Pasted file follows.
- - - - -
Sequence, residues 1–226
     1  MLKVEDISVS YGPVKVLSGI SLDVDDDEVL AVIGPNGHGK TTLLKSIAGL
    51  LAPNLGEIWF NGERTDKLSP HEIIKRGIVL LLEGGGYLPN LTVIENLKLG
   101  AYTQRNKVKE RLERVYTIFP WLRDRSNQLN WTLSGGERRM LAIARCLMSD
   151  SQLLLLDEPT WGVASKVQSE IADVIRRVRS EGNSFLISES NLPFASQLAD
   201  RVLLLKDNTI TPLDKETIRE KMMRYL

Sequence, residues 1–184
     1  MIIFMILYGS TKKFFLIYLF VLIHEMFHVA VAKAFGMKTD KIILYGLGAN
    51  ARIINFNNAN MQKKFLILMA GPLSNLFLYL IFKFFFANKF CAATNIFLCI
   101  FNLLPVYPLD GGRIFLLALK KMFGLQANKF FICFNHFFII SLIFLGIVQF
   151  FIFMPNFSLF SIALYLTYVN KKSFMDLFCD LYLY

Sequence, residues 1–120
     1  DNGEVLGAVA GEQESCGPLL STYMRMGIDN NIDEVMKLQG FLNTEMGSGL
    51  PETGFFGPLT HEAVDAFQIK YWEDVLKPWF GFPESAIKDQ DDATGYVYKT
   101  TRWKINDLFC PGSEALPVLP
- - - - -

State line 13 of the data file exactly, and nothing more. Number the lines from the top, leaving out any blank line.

     1  DNGEVLGAVA GEQESCGPLL STYMRMGIDN NIDEVMKLQG FLNTEMGSGL